To be nominated, individuals should be past or current residents of the Olympic region or have some significant connection to the area. All nominees must have made significant sports, cultural or civic contributions to the region, or their endeavors must have enhanced the historical heritage of the Olympic region – defined as Essex, Clinton and Franklin counties in New York State. » Continue Reading.
If you’re just a regular Joe or Jane, you’ve probably at some point—say, while lying back in an office chair, or doing the dishes, perhaps mowing the grass—entertained a number of Walter Mitty-like fantasies. You know … stuff like, “What’s it like to be that guy or girl?” For men, that guy could be anything. What’s it like to be the smartest kid in school? The star center on a school basketball team? The ace pitcher on the baseball team? A great running back in football? Better yet, how about doing all that in college? Wow … BMOC, plenty of attention from the girls, the coolest among the guys. Might as well toss in a professional baseball contract … what sports-loving boy doesn’t dream of that?
If you’ve never been considered “chick bait,” daydreams might find you 6 foot 4 with a muscular build, and a face that others besides a mother could love. In place of your everyday job, reverie might find you a TV actor, or in movies. That would be cool—fraternizing and working with show-biz superstars. And hey, why not marry the world’s most famous model? She’ll need a great place to live … maybe the Hollywood Hills? And we’ll chum around with a top music superstar of the past century.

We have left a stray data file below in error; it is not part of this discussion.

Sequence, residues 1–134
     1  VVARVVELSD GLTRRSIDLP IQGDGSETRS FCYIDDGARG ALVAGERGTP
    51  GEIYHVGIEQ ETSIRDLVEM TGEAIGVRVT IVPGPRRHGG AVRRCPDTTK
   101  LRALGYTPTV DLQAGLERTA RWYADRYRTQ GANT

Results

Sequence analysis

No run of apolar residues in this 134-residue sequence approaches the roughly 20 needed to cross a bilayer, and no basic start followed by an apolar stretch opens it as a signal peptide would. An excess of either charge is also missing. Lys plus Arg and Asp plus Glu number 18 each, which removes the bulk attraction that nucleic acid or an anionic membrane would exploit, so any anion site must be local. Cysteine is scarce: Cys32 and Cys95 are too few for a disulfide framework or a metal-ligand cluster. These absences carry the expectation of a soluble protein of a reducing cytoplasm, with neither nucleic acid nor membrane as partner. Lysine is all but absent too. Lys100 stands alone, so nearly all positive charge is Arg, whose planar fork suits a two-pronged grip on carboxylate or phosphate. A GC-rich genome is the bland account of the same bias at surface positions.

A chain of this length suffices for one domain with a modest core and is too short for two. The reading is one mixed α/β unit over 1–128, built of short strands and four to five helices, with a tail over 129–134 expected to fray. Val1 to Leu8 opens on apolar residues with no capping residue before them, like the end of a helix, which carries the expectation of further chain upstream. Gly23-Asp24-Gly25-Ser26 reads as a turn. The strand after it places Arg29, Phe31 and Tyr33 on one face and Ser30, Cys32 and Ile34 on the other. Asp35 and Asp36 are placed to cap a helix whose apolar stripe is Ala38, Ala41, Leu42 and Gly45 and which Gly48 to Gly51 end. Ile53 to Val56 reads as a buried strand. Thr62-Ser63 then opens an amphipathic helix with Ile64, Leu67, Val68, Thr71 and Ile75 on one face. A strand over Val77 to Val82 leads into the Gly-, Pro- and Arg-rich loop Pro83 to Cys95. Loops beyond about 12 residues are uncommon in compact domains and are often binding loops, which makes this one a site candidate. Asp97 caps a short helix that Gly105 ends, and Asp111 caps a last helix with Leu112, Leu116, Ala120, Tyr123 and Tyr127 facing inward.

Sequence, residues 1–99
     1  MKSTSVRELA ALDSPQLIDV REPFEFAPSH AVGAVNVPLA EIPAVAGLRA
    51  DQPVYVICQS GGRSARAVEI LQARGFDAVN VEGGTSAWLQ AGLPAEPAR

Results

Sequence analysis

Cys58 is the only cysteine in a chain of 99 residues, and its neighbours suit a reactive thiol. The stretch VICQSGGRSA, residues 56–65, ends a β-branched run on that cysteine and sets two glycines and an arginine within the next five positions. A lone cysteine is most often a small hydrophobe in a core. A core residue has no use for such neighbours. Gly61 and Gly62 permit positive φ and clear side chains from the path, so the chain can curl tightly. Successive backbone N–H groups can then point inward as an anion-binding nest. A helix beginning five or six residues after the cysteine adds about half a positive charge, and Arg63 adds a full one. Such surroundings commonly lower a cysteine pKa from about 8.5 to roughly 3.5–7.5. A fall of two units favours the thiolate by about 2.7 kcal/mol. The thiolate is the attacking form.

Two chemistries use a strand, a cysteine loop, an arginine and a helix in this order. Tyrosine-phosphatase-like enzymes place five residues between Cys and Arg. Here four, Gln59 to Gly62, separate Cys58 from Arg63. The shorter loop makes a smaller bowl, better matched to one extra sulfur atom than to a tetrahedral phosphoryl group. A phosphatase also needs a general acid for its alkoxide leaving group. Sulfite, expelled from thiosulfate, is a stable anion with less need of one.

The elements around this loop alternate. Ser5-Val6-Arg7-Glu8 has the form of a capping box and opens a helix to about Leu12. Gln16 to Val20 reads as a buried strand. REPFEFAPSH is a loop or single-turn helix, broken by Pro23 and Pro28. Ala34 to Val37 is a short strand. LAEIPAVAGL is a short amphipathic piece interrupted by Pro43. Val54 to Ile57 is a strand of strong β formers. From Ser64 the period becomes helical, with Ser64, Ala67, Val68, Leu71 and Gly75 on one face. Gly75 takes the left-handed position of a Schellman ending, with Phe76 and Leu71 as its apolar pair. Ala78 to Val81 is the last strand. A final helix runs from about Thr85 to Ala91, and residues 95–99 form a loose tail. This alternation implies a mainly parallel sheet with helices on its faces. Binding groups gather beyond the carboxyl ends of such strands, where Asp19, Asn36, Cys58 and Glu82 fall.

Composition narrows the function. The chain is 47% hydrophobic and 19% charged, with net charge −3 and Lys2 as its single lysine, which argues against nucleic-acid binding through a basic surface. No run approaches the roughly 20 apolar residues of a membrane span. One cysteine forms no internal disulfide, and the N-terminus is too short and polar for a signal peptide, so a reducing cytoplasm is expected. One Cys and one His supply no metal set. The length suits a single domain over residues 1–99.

I’m going out on a limb, but here’s my guess: for the rest of our lives, most of us would relish having any one thing from that list. But all of them? » Continue Reading.
The Lake Placid-North Elba Historical Society has announced the third program of its 2014 “Odds and Ends” Winter Lecture Series on Wednesday, March 26, 2014 in the Legacy Room at the Lake Placid Convention Center. The lecture will begin at 7 p.m.
This program in the four-part series is titled, “A History of Hockey in Lake Placid” presented by Denny Allen, Butch Martin and Steve Reed. The Historical Society, the Olympic Museum and Northwood School will showcase a display of memorabilia. » Continue Reading.
The 32nd Lake Placid Loppet cross-country ski races will be held Saturday, March 8, at the Olympic Sports Complex Cross Country Ski Center, in Lake Placid.
Over the past 31 years, thousands of skiers have enjoyed skiing and racing on the Mt. Van Hoevenberg trails at the Olympic Sports Complex course. As a member of the American Ski Marathon Series, this event attracts hundreds of skiers from across the United States and Canada. It consists of a 50 kilometer Loppet (30.1 miles) and a 25-kilometer Kort Loppet (about 15 miles). » Continue Reading.